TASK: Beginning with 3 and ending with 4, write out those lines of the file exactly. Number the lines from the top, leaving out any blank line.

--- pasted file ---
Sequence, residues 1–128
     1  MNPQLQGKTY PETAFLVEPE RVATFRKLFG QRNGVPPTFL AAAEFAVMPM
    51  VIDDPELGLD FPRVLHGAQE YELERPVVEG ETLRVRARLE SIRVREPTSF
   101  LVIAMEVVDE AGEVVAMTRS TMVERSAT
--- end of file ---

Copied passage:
    51  VIDDPELGLD FPRVLHGAQE YELERPVVEG ETLRVRARLE SIRVREPTSF
   101  LVIAMEVVDE AGEVVAMTRS TMVERSAT